The Colt 703 – Colt’s Forgotten M16A2

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Do you guys remember that era when piston-driven AR-15s promised to be the next big thing? People were still hooting and hollering about how unreliable ARs were, and the AWB had only recently sunset. So, cultural knowledge of the gun wasn’t nearly as high as it is now. Piston-driven ARs would provide AK-like reliability with AR ergonomics and accuracy!

Most of those designs promptly went nowhere, and a few holdouts still produce piston-driven ARs. However, the piston-driven AR wasn’t just a phenom of the early to mid-2000s. It dates back to 1969 with a gun called the Colt 703.

The AR-15 and later M16’s reputation for poor reliability all come from Vietnam. Whether or not it was purposeful sabotage or government ineptness is up for debate, but the M16 got a helluva start. The rifle was issued without cleaning kits, and soldiers were told it didn’t need to be cleaned. The gun was firing ammo that used the wrong type of propellant, which increased fouling. Oh, and it lacked a chrome chamber, which is great for Vietnam.


The initial failure of the M16 tainted the gun decades later. The immediate aftermath was an investigation by the House Armed Services Committee. This resulted in the Report of the M16 Rifle Review Panel. The report wasn’t kind to the M16 and identified perceived weaknesses of the design. Eugene Stoner and Armalite may have designed the rifle, but Colt was producing it for the Army, and this report got their hands sweaty. They went about producing a replacement for the M16 and called it the Colt 703.

The Colt 703 – What’s In a Name?

Colt had an inconsistent naming arrangement regarding the Colt 703 series. There are two Colt 703s. One is a standard AR-15-style rifle that lacks a long-stroke gas piston system, and the other is this gun. Colt also called the piston-driven 703 the M16A2. That was a tad presumptuous, and the gun clearly has nothing to do with the actual M16A2 adopted well after Vietnam.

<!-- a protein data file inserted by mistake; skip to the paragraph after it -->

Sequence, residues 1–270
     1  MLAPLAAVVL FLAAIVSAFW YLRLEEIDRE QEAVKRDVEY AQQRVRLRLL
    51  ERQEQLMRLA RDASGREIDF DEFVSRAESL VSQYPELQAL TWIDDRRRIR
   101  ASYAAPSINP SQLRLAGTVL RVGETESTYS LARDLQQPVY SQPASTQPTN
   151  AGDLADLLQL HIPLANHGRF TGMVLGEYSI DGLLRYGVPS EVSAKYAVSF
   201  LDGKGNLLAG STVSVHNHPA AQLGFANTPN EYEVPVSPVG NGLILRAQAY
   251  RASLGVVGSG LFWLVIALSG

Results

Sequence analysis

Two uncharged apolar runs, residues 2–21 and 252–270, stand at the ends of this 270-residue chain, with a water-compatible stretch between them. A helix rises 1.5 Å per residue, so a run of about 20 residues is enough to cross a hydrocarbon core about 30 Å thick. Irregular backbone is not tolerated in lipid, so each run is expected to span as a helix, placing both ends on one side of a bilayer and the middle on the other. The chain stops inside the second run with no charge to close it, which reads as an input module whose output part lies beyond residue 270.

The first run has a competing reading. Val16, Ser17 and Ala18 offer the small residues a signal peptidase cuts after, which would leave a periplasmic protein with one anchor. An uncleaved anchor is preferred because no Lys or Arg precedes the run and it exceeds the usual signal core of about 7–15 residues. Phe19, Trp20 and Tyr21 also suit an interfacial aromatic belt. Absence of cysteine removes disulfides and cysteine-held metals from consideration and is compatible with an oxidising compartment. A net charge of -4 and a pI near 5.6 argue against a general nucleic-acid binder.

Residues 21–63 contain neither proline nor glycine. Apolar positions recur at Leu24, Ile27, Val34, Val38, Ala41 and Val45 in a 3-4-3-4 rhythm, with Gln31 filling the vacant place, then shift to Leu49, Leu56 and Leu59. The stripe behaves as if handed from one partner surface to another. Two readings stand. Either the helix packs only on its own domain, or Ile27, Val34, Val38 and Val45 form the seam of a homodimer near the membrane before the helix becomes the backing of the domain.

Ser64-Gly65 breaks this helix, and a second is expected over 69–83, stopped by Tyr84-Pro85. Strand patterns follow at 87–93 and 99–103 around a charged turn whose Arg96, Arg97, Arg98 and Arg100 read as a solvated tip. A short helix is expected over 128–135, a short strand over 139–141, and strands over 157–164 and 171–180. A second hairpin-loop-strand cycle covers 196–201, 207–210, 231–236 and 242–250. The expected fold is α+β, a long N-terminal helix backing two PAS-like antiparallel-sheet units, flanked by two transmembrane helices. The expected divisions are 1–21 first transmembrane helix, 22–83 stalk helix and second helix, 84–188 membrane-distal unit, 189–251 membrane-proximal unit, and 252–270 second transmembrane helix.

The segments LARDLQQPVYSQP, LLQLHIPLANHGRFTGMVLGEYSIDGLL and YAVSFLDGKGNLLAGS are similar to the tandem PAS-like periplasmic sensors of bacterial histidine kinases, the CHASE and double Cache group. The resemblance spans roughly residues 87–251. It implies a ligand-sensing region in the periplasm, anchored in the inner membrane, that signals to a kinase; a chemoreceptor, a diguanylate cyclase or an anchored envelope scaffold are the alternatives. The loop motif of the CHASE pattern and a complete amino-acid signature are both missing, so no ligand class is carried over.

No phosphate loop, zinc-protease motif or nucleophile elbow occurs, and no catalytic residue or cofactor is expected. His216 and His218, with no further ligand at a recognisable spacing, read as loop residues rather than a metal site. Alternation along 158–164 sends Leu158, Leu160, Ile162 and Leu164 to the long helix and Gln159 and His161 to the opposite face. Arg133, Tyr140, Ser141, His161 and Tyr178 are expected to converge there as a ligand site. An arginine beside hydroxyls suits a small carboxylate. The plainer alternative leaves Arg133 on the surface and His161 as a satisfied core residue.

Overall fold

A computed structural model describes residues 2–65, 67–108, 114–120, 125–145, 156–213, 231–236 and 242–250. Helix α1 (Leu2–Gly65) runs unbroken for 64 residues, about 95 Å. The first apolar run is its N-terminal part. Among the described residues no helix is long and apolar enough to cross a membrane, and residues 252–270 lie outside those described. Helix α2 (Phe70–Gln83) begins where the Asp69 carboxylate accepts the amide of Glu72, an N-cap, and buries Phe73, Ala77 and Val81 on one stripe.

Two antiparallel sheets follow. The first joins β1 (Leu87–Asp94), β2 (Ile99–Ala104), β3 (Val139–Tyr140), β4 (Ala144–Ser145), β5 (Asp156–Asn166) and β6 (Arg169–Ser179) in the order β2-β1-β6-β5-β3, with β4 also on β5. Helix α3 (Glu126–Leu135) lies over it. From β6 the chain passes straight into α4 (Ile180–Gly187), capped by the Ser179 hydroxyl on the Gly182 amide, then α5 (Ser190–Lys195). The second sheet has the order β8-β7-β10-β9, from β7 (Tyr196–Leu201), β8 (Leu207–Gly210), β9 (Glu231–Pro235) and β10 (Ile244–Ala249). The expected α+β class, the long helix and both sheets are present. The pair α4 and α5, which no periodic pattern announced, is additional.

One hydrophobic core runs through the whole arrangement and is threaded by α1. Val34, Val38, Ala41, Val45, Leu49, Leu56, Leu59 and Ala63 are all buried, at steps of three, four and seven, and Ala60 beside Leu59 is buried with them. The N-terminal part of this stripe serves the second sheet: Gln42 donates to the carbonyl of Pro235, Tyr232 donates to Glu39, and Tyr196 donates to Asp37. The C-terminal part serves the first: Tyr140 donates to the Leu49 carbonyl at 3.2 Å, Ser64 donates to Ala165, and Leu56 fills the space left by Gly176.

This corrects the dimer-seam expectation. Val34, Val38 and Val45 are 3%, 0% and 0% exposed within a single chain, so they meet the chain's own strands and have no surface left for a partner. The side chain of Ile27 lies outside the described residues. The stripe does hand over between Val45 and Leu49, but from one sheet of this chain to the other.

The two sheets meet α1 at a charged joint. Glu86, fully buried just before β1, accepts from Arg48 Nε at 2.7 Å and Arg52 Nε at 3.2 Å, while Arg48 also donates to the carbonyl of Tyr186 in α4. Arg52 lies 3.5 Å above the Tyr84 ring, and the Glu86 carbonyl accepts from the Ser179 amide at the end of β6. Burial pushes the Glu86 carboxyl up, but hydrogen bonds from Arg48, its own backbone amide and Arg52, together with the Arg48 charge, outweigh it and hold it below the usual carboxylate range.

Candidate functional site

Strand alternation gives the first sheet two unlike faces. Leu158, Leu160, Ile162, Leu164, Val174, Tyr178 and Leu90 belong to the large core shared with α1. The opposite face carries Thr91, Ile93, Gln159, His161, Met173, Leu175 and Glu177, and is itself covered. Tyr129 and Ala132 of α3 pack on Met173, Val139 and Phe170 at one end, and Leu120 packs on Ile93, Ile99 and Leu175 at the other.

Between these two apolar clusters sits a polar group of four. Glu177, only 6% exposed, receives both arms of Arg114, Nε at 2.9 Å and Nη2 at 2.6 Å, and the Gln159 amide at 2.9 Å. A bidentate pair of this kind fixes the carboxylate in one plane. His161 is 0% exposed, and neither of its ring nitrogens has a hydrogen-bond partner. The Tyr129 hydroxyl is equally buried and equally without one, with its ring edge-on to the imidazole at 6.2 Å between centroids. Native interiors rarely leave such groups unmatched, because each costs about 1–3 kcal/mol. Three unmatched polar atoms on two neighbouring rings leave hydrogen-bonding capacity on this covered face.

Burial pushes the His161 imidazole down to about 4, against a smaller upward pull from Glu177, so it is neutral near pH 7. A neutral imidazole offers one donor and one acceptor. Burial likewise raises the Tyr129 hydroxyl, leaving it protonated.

Breaking Down the Colt 703

The AR-15 uses a direct-impingement gas system, which has been disliked since its inception. The gun does blow more carbon into the receiver, but if the proper propellant had been used, this wouldn’t have been a major problem, and with proper ammo and a cleaning kit, it’s not a problem at all.

Colt recognized that if they were stuck with the Olin WC 846 ball powder, they’d have to move to another system. The long-stroke gas piston system had already been well-proven to work. The long-stroke system of the AK worked quite well, even with Soviet ammo. Colt decided to implement this system into the M16 design.


This called for a new upper receiver design. Colt kept a lot of M16 components, including the barrel and sight system. The gun required an AK-like gas key tube that sits above the barrel. This creates a larger upper receiver that’s taller. The top portion of the upper receiver sits well above the stock, unlike the inline design of the M16. The Colt 703 utilized the M16-style charging handle, the bolt, and the bolt carrier group. Colt used a different handguard attachment system due to the change in the upper receiver design.

It was tall enough that Colt eliminated the carry handle design. Instead, we had a more standard-looking rear sight design. Colt stuck with the M16’s lower receiver and stock layout. The stock did feature a trapdoor cleaning kit that would be preserved in further M16 rifles.

Clever Design

Colt was clever with the 703. At first glance, it looks radically different from the M16. In reality, it’s more of a Clark Kent/Superman-style disguise. It looks different, but with a close look, it’s pretty close in design to an M16. They clearly designed the gun to mimic the adopted rifle to simplify logistics for everyone. This resulted in a radical change to the upper and handguards, but once you get past that, it’s all M16.

If you had to replace the M16 early in its development, this wouldn’t have been tough to do. The Colt 703 could still likely be produced quickly to replace the M16 without much difficulty. The Colt 703 did weigh 8.7 pounds, which is a pound heavier than the M16. Colt never mass-produced the gun.


The Army issued cleaning kits and comic book-style manuals for the M16. They kept the ball powder for a little longer than necessary, but cleaning kits and chrome chambers drastically increased rifle reliability. Eventually, the ball powder was swapped for stick powder, and the M16 and M4 carbine variants still serve to this day.

The Colt 703 was a novel take on the M16, but it never got off the ground. It does prove that everything old is new again, and you can find much more refined piston-driven ARs from companies like PWS. It’s unfortunate that the Colt 703 never took off, and we might’ve solved the piston-driven AR-15 argument a bit earlier.

Travis Pike
Travis Pike is a former Marine Machine gunner who served with 2nd Bn 2nd Marines for 5 years. He deployed in 2009 to Afghanistan and again in 2011 with the 22nd MEU(SOC) during a record setting 11 months at sea. He’s trained with the Romanian Army, the Spanish Marines, the Emirate Marines and the Afghan National Army. He serves as an NRA certified pistol instructor and teaches concealed carry classes.